One of the greatest values of travel is that it affords us a new perspective on the world. When we abandon our daily routines and immerse ourselves in unfamiliar settings, we allow our senses to reawaken and experience things with new eyes.
This is true both while we are traveling and again when we return home; maybe the house you’ve lived in for decades seems larger and cozier after spending a week in a hotel room, or the hometown you found dispiritingly crowded suddenly seems manageable once again after battling traffic in a metropolis. Everything is relative, after all, and there’s nothing like travel to cause us to refocus; to see again, with a different perspective.
Before a recent trip, I asked a photographer friend for some advice on taking fresh photos. “Lie down on the ground. Or climb up on a chair,” he told me. “Try shooting your subject in a way that most people haven’t thought of.” Capture the familiar from a new angle, in other words—from a new direction, a new perspective.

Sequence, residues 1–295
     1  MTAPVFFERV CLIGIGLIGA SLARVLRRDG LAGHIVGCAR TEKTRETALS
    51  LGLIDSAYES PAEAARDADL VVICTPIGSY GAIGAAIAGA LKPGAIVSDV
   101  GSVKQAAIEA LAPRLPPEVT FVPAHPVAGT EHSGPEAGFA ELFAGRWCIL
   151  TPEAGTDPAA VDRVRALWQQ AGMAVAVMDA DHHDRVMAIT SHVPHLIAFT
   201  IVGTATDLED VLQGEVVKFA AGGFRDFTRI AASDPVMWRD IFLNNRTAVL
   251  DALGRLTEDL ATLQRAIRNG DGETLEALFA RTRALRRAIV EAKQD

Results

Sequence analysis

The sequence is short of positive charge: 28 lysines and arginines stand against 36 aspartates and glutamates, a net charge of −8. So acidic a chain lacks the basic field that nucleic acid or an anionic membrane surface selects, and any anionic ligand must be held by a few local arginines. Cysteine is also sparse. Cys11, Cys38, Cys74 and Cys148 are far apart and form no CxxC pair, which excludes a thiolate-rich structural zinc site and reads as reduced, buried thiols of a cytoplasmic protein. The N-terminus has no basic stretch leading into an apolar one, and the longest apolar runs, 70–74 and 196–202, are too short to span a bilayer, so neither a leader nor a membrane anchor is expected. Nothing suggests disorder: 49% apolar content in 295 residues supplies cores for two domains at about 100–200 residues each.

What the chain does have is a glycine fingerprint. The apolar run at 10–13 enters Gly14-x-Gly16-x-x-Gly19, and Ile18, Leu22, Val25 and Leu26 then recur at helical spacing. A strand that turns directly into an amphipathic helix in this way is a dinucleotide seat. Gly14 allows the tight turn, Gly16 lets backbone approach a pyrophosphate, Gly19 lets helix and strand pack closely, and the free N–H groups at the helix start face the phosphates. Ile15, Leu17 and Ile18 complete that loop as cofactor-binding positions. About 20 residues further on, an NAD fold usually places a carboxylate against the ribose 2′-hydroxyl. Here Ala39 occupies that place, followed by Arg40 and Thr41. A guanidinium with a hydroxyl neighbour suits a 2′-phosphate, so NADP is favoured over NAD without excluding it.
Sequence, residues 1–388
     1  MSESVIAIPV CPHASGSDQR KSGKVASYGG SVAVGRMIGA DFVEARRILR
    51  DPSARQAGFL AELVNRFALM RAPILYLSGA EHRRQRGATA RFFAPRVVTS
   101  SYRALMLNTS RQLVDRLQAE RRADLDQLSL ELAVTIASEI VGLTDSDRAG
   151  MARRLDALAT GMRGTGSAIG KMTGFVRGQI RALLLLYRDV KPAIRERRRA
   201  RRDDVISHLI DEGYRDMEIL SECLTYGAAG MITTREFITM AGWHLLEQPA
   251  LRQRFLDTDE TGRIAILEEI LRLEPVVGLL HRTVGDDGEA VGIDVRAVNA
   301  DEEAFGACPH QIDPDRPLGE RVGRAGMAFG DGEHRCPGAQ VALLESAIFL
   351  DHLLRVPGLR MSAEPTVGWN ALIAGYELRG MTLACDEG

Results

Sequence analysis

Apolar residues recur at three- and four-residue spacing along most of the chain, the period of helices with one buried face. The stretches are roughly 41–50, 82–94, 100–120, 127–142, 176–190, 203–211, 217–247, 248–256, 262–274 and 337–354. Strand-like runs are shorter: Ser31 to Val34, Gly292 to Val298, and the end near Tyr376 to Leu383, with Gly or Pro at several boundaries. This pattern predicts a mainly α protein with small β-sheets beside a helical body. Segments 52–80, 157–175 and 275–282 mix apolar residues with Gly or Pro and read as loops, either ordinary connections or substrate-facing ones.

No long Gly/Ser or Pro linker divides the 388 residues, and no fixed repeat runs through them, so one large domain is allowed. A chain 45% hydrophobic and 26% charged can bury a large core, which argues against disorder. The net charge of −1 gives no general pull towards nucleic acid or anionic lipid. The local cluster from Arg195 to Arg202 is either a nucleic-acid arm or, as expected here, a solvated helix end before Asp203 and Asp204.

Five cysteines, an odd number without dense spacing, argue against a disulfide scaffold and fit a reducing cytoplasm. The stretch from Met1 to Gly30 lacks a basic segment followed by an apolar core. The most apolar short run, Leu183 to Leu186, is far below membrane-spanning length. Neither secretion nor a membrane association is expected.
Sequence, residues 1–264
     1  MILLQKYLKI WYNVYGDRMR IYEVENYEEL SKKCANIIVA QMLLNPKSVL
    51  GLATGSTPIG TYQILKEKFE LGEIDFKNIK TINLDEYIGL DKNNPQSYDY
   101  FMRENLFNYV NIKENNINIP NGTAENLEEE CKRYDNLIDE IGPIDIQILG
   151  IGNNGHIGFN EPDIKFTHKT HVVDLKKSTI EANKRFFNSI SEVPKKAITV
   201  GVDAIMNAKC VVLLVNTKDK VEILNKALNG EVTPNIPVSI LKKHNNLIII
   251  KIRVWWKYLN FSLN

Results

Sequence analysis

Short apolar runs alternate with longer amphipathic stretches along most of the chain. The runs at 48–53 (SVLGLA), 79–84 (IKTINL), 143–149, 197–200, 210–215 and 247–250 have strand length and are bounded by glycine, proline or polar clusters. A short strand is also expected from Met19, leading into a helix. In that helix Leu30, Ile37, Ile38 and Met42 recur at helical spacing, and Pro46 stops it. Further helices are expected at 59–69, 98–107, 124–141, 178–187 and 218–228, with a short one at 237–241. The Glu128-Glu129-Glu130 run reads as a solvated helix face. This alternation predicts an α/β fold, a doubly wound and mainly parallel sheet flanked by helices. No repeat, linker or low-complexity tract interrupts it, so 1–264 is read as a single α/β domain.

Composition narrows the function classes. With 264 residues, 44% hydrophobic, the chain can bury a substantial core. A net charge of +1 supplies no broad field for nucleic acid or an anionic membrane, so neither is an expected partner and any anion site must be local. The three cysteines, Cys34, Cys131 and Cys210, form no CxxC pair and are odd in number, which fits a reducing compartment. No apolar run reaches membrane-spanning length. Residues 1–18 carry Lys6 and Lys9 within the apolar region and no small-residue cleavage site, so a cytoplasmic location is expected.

The pages that follow include images of—and images from—some of the highest vantage points in the state. From the new viewing platform at Dallas’ Reunion Tower, almost 500 feet above the streets of downtown, the nighttime cityscape below resembles an electrified ant farm; the small space we occupy in this world suddenly seems tiny and insignificant. (Whether you find that peaceful or discomfiting depends, like all things, on your point of view.) High in the Franklin Mountains from the Wyler Aerial Tramway in El Paso, passengers can often see into Mexico and New Mexico; from this bird’s-eye view, borders mean nothing (and in fact, they mean nothing for the birds, of course).
These views on high distill shapes and shadows, and draw focus to form in lieu of function. They concentrate color and patterns, and cause even the most non-philosophical travelers among us to ponder our place in this world, which can seem so tremendous at one moment and so miniscule in others.
See more amazing views in the July 2014 issue.